“He got the opportunity to study, and not just in India. He was so bright, he went abroad to America and England, and practised law. Do you know lawyers, the ones who wear black coats and fight cases in courts? Our Babasaheb Ambedkar went to study in England and then came back to India. He wrote the first laws of our nation. So he is the biggest leader for our people.”
Her charges were still staring.
“So every day after prayer what will we say? We’ll say for him, ‘Jai Bhim!’ ”
The girls repeated the words, but too softly, Sister Sudha scolded. She wasn’t finished with the history lesson. “Ambedkar also faced a lot of discrimination but he fought against it. He made a place for himself, he struggled, and he left us three mantras.”
She waited, but the girls did not know the mantras. She looked to the new teachers – they didn’t know either.
“Become educated!” Sister Sudha thundered. “And? Unite! And? Struggle. … Do you know what it means to be united? To become one! Together to fight for our rights.”
By now her eyes were blazing and the girls’ chins were lifted and their shoulders straight. No one had ever spoken to them like this.
“Demand your rights, and if you have to, fight for them. If we fight together, we can do anything.”
Once more she punched up her fist, and this time every girl yelled, “Jai Bhim!” And then she sent them in to breakfast.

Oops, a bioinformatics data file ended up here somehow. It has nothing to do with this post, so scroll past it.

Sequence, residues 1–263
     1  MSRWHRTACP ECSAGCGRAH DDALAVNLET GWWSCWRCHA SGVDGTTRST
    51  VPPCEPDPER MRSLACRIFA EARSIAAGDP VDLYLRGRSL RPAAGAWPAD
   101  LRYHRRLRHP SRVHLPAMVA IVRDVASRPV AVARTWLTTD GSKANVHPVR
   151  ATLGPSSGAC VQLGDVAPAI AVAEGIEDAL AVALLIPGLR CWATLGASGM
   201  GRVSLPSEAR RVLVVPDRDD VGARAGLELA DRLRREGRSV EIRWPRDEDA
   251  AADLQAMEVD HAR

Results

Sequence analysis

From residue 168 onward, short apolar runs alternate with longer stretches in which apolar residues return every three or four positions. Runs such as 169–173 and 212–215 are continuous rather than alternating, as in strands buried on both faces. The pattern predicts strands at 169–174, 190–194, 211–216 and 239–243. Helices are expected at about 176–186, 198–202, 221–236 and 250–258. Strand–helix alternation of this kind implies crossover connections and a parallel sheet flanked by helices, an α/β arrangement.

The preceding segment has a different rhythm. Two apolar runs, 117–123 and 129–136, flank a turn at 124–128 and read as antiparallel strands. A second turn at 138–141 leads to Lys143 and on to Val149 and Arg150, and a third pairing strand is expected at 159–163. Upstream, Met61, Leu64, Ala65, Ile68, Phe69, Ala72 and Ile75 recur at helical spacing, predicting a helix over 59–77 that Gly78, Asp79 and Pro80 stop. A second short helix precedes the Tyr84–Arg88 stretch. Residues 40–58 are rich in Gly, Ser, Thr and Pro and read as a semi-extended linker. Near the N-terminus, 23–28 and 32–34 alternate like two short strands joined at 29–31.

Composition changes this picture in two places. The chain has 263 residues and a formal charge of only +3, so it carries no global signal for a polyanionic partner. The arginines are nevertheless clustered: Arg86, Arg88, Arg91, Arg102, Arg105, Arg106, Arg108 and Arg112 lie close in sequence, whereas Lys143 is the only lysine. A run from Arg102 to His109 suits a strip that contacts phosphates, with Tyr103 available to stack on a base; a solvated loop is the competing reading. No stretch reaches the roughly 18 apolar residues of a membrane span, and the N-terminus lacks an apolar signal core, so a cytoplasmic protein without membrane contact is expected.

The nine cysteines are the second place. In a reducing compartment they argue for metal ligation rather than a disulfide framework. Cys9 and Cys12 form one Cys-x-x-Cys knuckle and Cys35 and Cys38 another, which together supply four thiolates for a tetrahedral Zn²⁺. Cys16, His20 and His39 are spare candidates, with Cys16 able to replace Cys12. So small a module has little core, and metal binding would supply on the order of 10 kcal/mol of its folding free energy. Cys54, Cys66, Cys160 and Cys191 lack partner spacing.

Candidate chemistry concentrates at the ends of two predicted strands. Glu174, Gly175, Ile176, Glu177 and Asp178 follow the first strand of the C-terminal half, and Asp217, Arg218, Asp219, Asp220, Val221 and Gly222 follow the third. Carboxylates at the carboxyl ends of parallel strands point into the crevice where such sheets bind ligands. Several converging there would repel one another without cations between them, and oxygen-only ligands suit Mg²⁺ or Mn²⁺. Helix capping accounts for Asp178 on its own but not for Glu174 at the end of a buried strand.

It is with full plates, quick hugs and simple, radical lessons like these that Sister Sudha will change these girls’ lives, as she has at Prerna 1. But she can’t be at both schools at once, and if she starts more – as the state government is urging – she will have ever less time to spend at each one. She realizes the risk.
“Maybe I am very greedy about them,” she said of her girls. “Because I see what can be done with them.” Every time she visited another village, she saw what she might do with the girls there. “So maybe I have given into that temptation also.” She laughed. “But there is no harm in trying.”
At least, she hopes not. The Prerna schools have answered every question about what these girls are capable of, except the one that may prove most important: Where will they go after that? They no longer fit easily in with their families and their villages. But with caste-based atrocities reported in newspapers each day, it is clear that change in India at large has not happened as fast as at Prerna.
“My dream and my hope for them is that they would be educated,” she said of her new charges. “They’ll be people with self-confidence, independent, and someone who can stand up in their community and attract other children to follow the way that they have taken, the way of education. And they will become agents of change and help their society to go ahead.
“And I’m sure they themselves will begin to dream.”
Stephanie Nolen is The Globe and Mail’s correspondent in New Delhi.